As we savor the end of summer, nature’s late-night soundtrack is set to a concert of chirring crickets.
In China, those songs are also celebrated—in the home. Chirping insects like katydids, cicadas, and crickets have long been prized as household pets, held in clay vessels or bamboo cages and fed with grains of rice. The practice, which dates back 2,000 years, was put on hiatus during the 1950s and ’60s, when Mao deemed it bourgeois. Though the insects are deeply embedded in Chinese culture, their mortal presence is ephemeral. Even the most cherished katydid will succumb to autumn’s first frost.—Diane Richard, writer, August 24, 2016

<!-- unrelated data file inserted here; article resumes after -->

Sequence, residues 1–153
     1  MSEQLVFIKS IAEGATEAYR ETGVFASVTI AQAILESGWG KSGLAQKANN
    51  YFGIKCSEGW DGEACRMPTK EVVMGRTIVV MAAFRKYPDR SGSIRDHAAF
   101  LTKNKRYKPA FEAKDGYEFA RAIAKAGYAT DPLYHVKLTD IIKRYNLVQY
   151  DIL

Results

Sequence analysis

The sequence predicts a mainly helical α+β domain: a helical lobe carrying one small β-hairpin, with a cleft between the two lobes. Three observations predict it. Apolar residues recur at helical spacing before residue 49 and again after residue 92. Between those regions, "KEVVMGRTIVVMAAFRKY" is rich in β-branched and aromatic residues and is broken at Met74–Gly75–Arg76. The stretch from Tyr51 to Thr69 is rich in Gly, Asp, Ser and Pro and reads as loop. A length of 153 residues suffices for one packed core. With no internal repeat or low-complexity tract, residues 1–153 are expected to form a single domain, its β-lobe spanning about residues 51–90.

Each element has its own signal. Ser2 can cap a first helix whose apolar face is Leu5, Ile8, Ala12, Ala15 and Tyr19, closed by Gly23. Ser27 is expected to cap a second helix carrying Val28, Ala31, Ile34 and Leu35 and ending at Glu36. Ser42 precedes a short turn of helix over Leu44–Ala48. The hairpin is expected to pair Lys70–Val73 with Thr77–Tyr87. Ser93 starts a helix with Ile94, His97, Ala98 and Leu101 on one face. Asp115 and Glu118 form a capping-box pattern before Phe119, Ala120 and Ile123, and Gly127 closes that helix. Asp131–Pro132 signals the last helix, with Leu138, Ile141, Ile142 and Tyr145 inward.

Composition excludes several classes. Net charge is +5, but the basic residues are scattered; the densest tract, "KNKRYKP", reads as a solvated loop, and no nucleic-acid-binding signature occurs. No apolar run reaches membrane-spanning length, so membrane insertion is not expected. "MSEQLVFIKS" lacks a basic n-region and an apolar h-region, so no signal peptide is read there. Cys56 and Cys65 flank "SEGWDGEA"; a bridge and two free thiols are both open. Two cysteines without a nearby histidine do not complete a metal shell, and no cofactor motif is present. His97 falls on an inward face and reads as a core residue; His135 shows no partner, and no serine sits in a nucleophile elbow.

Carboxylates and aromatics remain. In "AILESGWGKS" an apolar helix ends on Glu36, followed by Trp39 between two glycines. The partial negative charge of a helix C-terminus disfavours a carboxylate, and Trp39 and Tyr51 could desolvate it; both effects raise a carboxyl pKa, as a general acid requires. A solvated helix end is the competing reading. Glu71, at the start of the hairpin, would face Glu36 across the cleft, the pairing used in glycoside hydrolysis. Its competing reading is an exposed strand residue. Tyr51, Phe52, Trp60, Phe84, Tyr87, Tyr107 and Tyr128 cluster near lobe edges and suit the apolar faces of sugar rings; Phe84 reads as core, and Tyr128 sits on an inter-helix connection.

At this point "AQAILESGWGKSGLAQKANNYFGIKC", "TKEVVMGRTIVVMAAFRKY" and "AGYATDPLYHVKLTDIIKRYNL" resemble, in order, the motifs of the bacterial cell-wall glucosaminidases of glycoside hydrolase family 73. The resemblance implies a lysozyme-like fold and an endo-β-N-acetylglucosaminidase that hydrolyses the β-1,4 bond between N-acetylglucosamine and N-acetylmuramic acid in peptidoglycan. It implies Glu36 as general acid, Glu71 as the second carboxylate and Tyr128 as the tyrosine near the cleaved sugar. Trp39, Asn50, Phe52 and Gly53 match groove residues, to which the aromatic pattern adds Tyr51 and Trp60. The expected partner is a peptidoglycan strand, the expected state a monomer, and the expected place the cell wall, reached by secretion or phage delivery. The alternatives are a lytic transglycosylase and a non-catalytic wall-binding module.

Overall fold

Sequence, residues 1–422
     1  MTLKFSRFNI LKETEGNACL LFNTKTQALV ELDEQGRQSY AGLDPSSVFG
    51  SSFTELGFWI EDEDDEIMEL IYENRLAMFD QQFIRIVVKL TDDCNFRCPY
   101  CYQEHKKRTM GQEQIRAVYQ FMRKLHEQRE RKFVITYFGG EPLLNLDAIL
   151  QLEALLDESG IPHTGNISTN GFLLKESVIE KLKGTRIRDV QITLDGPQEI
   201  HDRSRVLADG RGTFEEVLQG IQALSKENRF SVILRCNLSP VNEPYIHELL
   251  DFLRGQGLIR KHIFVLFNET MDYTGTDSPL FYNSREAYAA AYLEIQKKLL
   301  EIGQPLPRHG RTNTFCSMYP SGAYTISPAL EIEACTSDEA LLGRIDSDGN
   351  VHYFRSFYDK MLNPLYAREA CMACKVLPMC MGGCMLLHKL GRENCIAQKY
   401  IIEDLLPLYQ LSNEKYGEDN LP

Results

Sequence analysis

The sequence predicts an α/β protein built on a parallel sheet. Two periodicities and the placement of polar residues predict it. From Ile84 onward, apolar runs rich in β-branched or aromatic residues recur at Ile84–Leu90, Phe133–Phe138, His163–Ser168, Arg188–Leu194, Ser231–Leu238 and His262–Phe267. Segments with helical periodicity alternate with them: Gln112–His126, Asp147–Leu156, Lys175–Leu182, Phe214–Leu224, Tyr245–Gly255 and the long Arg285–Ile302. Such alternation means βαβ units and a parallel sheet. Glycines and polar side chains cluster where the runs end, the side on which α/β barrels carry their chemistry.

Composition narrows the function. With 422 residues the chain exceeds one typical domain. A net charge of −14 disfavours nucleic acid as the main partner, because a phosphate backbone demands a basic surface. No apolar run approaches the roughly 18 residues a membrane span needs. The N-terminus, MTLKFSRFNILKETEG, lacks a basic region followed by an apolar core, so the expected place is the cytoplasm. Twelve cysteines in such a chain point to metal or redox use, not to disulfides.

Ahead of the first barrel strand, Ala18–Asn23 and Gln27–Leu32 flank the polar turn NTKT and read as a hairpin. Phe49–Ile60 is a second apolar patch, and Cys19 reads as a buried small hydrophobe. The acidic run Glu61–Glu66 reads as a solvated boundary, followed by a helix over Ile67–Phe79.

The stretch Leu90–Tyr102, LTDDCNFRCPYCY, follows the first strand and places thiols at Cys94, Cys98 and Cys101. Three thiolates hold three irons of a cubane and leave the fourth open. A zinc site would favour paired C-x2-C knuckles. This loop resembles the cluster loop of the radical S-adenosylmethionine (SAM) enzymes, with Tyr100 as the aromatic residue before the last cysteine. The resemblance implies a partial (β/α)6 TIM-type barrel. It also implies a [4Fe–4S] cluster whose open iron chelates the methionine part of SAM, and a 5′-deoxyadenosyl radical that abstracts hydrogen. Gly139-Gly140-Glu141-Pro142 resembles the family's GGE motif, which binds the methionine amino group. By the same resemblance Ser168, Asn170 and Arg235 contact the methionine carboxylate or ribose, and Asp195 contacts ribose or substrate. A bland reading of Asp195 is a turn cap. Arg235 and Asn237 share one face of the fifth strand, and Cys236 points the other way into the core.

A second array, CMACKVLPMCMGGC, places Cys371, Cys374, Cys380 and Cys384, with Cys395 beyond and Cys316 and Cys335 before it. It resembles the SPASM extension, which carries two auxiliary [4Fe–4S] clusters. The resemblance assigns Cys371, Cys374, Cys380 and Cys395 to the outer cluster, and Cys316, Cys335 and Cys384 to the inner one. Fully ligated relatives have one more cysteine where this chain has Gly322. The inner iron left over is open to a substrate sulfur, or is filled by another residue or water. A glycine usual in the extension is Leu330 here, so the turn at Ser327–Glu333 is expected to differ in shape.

Photos: Adam Dean for The New York Times
News source: Andrew Jacobs, “The Song in the Heart of Many Chinese Comes From Insects,” The New York Times, August 24, 2016